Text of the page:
I remember as a little boy watching the sitcom Happy Days. My favourite character was The Fonz. Wasn’t he everyone’s favourite? The Fonz was the ultimate cool cat. A rebel who had a soft loving side that would pop out, when those who looked up to him needed him the most. The leather jacket with the collar up and the often used “ayy” was emulated by most of us boys. Of course, with time we moved past our adulation of the Fonz and most of the antics that we used melted away. One thing that somehow survived was keeping my collar up and my love for leather jackets.
Years later, probably in the 90s, a fella made mention of my leather jacket with the collar up and said something like “Hey Fonzi”. That sparked the memory of the fictional character that I once identified with, and I responded with an “ayyy” and a thumbs up. We as humans act out of who we identify ourselves with. When I remembered the long-since-forgotten Fonzie, I instinctively reacted like him.
Another great, if not perfect, illustration of the effect of our self-image on our life is a scene from the 1994 hit Disney movie, Lion King. In the scene, Rafiki asks Simba to look into a pool of water. At first, Simba only sees his reflection staring back at him. Rafiki encourages him to look harder the second time, and he sees his reflection morph into an image of Mufasa, his father. While still staring at the water, Simba hears his father's voice booming from the night clouds and looks up to see the clouds take the shape of a lion. Mufasa speaks from the clouds to his son:
Mufasa: Simba, you have forgotten me.
Simba: No! How could I?
Mufasa: You have forgotten who you are and so forgotten me. Look inside yourself Simba. You are more than what you have become.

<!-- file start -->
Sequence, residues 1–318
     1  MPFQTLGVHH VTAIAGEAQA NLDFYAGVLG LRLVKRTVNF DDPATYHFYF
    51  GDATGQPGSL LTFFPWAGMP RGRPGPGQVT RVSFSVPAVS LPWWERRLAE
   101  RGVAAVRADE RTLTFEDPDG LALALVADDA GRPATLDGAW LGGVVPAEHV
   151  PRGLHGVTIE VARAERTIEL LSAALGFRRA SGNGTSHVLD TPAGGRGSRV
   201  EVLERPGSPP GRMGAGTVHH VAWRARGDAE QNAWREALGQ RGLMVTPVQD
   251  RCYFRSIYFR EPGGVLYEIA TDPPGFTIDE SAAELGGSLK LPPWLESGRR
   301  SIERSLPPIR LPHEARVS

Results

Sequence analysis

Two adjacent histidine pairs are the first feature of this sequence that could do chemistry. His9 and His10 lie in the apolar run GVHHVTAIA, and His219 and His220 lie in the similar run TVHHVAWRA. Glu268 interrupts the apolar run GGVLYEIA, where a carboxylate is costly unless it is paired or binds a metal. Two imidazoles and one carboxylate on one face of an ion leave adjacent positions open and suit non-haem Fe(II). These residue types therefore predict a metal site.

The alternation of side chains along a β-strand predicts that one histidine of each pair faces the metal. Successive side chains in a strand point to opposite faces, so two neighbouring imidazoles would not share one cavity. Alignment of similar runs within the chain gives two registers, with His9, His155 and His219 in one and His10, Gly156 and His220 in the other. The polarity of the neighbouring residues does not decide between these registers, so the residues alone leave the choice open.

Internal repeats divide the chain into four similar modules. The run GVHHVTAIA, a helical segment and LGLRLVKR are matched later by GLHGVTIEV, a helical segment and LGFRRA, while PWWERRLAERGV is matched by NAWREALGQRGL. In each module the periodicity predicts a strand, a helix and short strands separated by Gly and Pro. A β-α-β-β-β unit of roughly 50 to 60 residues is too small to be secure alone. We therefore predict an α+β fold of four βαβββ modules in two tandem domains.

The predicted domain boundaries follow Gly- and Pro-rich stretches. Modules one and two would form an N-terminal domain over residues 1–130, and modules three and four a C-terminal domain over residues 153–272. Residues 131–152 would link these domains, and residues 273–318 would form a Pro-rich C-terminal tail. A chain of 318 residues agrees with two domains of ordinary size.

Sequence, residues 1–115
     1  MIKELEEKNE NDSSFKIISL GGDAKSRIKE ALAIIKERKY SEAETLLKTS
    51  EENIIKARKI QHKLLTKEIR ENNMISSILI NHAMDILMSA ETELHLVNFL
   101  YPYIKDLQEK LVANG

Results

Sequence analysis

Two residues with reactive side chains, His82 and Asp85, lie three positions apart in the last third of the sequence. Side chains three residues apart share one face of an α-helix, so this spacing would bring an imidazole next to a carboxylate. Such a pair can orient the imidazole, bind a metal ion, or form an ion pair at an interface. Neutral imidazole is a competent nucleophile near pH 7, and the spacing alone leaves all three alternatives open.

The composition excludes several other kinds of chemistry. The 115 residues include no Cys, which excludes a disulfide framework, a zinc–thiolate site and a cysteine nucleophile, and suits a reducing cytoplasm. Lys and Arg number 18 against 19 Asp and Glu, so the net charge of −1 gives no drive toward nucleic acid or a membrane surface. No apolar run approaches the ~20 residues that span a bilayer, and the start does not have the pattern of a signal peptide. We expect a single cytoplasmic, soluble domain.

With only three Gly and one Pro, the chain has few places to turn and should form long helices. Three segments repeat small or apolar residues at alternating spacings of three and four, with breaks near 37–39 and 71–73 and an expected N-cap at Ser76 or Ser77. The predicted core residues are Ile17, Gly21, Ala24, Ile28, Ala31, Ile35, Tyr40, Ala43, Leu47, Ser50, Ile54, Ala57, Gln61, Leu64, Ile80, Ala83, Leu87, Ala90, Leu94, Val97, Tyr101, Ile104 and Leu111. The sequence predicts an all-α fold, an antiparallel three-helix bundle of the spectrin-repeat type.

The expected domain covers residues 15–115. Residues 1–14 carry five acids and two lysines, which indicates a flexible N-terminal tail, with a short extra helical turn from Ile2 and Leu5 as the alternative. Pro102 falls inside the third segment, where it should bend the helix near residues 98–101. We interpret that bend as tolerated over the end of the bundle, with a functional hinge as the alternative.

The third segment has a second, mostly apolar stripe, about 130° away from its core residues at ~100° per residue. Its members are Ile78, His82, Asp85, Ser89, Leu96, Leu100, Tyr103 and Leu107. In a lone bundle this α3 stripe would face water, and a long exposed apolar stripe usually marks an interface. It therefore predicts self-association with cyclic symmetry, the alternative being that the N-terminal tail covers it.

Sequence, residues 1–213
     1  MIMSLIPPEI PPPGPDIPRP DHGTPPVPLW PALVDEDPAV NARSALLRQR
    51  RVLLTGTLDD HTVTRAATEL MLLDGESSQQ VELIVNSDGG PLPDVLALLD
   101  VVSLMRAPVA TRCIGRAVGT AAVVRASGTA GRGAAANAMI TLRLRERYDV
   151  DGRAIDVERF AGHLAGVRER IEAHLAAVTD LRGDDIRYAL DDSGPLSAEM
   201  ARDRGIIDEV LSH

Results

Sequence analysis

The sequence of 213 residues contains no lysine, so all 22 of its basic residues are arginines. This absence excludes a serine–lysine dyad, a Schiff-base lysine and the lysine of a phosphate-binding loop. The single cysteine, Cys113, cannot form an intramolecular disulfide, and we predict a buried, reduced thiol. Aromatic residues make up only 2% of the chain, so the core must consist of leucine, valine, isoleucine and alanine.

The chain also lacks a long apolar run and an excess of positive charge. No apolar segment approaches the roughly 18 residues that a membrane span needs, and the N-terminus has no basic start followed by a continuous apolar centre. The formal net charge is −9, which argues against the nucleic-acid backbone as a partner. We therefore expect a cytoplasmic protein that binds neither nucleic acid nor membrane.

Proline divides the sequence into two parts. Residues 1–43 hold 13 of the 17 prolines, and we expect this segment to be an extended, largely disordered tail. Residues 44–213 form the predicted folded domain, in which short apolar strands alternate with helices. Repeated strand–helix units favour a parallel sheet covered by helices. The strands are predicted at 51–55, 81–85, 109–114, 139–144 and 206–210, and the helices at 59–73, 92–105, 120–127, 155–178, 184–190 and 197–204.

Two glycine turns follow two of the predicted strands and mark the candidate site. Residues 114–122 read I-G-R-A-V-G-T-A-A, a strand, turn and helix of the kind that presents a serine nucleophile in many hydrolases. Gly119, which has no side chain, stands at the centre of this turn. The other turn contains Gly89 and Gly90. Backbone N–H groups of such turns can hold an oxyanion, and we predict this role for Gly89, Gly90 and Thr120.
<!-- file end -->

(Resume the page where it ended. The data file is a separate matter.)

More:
Most believers live like Simba before this encounter. We run around not knowing who we are because we do not know or have forgotten our heritage. I encourage you to watch this scene. (Click here or search "remember who you are lion king" on YouTube). As you watch it, picture God, your heavenly Father speaking to you as Mufasa is speaking to Simba. In the gospel, we have accounts of the Father speaking of Jesus from the clouds and affirming his identity. Today, the Father is saying the same thing to you, "You are my beloved son."
Who or what we identify with strongly dictates our actions. We instinctively react to situations based on our identity; who we see ourselves as. If we see ourselves as sinners barely saved by grace, then that is what we’ll act out. If we see ourselves as being sick and frail, then that is exactly what we will become.
But I fear, lest by any means, as the serpent beguiled Eve through his subtilty, so your minds should be corrupted from the simplicity that is in Christ. (2 Corinthians 11:3, KJV)
This is exactly what happened in the garden. The serpent caused Adam and Eve, through charm, to see themselves as less than what they were. They forgot their identity, that God had made them perfect. Since they were less than perfect in their eyes, the fruit became their means to perfection. Consequently, all of humanity forgot their true identity, we have forgotten how God created us to be. Our minds are corrupted by choosing an identity other than the identity that Jesus demonstrated; a daughter or son of the living God.
When we remember who we are in Christ that is when we will stop living from the old man and start living out our supernatural life in Christ. It doesn’t matter what area of life we’re struggling with, whether it be an addiction, sickness, sin, or poverty. The solution is the same. We need to start seeing ourselves in our true identity. In Christ, we are righteous, healthy and prosperous. All we have to do is look inside ourselves to hear the voice of the Holy Spirit within teaching and reminding us who we are.